I didn’t have an Easy Bake Oven when I was little. I didn’t need one. My mother let me use the big oven, with her supervision of course, but I was turning out cakes and cookies by the time I was six. I remember when I was in Kindergarten, my friend Debbie Levine asked me to come over to her house for lunch. I came and brought some peanut butter cookies for dessert-you know, the lunch box classic with the crossed fork marks on the top. “I baked them myself,” I announced proudly.
Debbie must not have been too impressed because she took a bite out of one and screwed up her face. “Eewww,” she said, “they taste like throw up.” Debbie’s mother rushed over and took the cookie from her hand and said, “Debbie we don’t treat our guests like that.” I wasn’t too upset because I knew Debbie was only kidding. She finished the first cookie and had a second one.
My mother made spritz every Christmas and had an ongoing battle with her constantly malfunctioning cookie gun. She wouldn’t get a new one though; she preferred thrill of the hunt for the perfect recipe for spritz dough that would work in her cookie gun. She never found it and when she died, I returned her cookie gun to the earth. I was never fond of spritz anyway.
I don’t bake much anymore, but I did bake this year. I thought I would share some of my tips to make the task easier (besides throwing away tools that you can never get to work.)
If you make cookies that have to be cut out and decorated, do yourself a favor and make them over the course of three days. Mix your dough on the first day and let it chill properly. Just put it in the fridge and forget it. Roll, cut out and bake on the second day. Decorate on the third day. This will make your life so much easier. If you think this is impractical, go out and buy some cookies.
Properly chilled dough is easier to roll. Rather than dusting with flour during the rolling, I prefer to use cooking spray. I spray the rolling surface, my hands, even the rolling pin. If you roll between sheets of wax paper, spray the paper. If after you’ve cut the shapes out the dough is soft again, return the wax paper with the cookies to the fridge for a couple of minutes to let it firm up. You will be able to move the raw cookies to the pan without distorting them.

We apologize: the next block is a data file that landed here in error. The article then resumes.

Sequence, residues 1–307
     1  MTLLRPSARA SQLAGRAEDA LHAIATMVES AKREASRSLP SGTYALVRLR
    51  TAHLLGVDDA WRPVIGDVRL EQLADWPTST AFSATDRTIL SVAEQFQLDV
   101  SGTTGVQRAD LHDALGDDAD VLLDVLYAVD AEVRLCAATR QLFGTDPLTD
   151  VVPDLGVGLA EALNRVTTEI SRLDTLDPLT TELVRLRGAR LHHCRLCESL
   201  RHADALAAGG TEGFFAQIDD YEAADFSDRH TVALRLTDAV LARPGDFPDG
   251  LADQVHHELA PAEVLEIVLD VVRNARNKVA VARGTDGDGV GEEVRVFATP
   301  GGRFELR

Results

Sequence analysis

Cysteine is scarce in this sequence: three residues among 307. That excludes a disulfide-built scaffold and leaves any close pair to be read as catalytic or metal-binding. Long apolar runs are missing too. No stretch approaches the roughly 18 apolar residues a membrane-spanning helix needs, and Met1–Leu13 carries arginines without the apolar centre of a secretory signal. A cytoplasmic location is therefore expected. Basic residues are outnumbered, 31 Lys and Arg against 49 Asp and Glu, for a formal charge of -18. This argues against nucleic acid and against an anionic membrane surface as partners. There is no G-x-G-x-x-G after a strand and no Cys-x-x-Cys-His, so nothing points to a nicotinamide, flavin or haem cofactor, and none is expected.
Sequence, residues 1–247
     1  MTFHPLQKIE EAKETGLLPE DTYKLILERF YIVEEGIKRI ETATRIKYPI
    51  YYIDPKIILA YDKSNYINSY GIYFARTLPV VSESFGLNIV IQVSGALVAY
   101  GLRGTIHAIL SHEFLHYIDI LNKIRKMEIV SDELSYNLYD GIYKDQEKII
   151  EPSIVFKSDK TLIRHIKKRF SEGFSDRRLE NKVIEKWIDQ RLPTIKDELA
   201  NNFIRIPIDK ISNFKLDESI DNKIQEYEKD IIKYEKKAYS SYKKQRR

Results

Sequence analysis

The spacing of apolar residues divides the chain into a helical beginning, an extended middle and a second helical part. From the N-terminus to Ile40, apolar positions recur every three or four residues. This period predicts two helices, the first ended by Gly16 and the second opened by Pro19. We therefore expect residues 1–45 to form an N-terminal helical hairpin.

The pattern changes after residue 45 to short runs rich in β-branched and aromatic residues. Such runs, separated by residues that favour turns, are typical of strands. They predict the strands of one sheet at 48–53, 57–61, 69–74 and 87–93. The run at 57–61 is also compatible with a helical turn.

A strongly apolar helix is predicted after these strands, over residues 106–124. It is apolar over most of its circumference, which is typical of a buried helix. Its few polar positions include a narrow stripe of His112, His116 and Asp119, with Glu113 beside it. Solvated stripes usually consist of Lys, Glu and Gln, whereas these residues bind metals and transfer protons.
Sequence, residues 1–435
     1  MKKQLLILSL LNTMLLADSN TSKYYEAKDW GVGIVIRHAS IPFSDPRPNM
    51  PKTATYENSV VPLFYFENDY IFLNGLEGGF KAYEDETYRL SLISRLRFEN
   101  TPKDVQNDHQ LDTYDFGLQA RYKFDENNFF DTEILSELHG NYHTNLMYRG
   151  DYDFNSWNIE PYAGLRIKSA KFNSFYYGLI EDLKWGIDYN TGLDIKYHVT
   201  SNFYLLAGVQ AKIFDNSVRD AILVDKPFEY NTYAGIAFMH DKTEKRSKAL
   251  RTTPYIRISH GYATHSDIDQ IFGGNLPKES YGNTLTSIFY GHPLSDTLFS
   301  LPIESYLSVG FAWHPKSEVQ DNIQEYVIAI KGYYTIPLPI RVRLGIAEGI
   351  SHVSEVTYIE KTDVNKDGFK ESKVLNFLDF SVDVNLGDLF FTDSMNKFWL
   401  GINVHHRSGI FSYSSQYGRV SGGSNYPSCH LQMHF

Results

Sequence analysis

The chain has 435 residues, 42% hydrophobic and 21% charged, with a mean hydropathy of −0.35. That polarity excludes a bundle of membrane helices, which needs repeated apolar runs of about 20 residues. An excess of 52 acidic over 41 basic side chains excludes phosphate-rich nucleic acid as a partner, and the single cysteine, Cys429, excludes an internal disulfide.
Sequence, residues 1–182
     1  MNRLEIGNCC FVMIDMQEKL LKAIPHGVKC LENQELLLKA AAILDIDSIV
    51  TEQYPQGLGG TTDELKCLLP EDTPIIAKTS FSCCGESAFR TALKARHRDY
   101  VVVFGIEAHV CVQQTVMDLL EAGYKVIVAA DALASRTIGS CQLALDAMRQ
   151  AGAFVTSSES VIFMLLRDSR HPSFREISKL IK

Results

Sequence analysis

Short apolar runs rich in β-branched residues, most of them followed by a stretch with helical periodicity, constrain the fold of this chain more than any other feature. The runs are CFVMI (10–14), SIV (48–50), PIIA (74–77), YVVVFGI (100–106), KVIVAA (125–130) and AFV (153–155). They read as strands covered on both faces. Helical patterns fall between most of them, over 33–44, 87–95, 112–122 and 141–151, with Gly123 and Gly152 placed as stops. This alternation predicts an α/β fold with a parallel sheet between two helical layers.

It’s important that rolled cookies have a consistent thickness. I have a rolling pin that has different sized rings that fit on the ends to help maintain uniformity. You can get yourself a set of rings here.
Baked on parchment paper
If you learn only one thing from this post, let it be these two words: parchment paper. Parchment paper for baking that is. I don’t know what took me so long to start using this stuff but once you use it, you won’t go back. It saves on pan cleanup and you don’t have to grease your cookie sheets. It’s easy transfer a whole batch of baked cookies off the hot pan for cooling and it’s easy to get them off the paper. Foil or a so-called non-stick pan will not give the same results. I do not advocate any particular brand. I bought mine at a grocery store. I have heard that you can’t use sheet more than once. Not true although it does become brittle after awhile and since you can’t really clean it, you don’t want to save it too long.
You had me at the first sentence, Martha. That was Mum’s excuse for not buying the silly pretend oven for her girls! Over the many decades that have passed since my childhood, I have often wondered why folks decline to bake when the result is SOOOO superior to store-bought. I am slowly realizing that those of us who were taught, or taught ourselves, these little tricks are becoming dinosaurs. Hope your inventory of tips encourages more budding enthusiasts. Have a wonderful Holiday!
Baking is like Chinese Algebra to some people. But I know quite a few young people who belong to the “Cookasauris” and “Bakeasauris” genera. Don’t lose hope! Have a wonderful holiday yourself and thanks.